The Orionid meteor shower is visible until November 7 with its peak expected on the night of October 20 into the morning of October 21.
At its height, up to 20 meteors are visible every hour.
The best time to view the Orionids is just after midnight and right before dusk.
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A Met Office spokesman urged residents to wrap up warm, go outside, lie back and look up.
The spokesman said: “To see the meteor shower, you don’t need a telescope, binoculars or any other equipment – all you need is your eyes.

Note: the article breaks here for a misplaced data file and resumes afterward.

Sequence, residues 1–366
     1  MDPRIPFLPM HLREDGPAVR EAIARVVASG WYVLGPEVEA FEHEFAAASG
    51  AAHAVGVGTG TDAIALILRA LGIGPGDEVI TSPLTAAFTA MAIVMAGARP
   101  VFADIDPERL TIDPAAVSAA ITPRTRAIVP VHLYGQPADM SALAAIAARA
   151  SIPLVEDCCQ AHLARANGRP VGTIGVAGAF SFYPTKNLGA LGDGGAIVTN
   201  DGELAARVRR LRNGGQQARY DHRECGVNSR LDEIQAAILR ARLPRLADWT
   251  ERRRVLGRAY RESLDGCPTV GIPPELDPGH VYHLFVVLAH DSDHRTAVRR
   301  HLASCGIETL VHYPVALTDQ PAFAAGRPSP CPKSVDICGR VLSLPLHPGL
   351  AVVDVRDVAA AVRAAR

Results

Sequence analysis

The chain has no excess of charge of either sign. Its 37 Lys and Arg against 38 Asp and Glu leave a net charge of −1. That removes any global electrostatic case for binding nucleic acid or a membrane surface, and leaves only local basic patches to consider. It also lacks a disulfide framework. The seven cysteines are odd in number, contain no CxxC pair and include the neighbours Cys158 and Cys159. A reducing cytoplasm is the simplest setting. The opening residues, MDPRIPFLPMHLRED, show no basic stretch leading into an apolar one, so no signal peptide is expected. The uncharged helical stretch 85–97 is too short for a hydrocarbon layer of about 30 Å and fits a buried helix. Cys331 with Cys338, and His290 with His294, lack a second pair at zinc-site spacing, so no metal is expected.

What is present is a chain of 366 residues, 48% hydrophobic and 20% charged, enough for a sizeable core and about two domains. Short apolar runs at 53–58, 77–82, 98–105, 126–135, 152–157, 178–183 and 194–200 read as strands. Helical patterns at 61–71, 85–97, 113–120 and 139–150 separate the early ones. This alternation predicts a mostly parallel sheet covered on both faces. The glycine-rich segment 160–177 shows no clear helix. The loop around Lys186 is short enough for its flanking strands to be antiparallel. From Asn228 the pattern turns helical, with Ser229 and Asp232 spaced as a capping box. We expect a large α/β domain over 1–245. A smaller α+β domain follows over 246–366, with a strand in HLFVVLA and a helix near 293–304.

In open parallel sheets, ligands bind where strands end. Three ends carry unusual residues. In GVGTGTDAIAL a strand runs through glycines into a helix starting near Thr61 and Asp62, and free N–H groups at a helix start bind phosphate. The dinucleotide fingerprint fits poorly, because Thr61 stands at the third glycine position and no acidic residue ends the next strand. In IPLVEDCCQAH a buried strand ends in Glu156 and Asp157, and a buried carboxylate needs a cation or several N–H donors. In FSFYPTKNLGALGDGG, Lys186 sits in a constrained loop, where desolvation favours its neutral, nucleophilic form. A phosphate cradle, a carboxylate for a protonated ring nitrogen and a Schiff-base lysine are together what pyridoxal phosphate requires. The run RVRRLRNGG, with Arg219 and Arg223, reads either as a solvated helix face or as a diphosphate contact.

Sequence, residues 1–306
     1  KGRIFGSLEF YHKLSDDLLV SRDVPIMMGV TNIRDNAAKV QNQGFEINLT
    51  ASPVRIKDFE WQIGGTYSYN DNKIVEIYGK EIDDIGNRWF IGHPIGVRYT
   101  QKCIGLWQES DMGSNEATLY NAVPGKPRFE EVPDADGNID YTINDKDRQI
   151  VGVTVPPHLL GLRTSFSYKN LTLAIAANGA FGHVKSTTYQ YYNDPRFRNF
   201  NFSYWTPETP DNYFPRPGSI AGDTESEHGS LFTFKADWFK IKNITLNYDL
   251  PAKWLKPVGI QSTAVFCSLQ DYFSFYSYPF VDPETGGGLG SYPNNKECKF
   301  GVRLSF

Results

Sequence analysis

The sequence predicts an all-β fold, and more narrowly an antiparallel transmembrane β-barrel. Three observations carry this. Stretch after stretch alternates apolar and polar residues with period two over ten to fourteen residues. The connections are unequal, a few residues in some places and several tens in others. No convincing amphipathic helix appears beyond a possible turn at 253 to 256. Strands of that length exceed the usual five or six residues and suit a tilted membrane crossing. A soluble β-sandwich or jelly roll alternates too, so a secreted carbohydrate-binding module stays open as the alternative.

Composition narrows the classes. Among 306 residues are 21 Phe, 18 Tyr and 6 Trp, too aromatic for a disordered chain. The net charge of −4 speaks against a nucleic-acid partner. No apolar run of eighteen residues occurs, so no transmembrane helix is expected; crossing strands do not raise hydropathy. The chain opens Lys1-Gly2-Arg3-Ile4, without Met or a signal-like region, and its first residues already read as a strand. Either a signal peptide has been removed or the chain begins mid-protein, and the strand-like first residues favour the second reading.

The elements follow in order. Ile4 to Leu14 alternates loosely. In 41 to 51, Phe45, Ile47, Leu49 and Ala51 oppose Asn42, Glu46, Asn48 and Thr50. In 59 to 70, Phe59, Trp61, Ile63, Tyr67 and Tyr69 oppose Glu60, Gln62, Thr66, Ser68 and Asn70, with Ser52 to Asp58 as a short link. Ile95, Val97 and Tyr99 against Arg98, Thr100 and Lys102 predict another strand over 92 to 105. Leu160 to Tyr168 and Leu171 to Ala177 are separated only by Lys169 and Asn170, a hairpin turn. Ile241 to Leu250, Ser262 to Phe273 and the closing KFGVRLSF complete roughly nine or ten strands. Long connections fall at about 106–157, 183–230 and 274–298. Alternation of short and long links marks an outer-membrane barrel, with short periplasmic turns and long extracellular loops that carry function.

“Find a spot away from bright lights and let your eyes get used to the dark – this will take about 15 to 20 minutes.”
The spokesman added: “Orionid meteors are known to be very fast, travelling at about 41 miles per second, and typically on the faint side, although with clear, dark skies you still have a good chance of spotting one with its persistent, long trail.
“The Orionid meteor shower is named as such because it appears to radiate from the constellation Orion, which is one of the most visible and recognisable in the sky throughout the world.”
The Orionid meteor shower is one of two created by debris from Halley’s Comet. It takes around 76 years to make a complete revolution around the sun. and will next be visible from earth in 2061.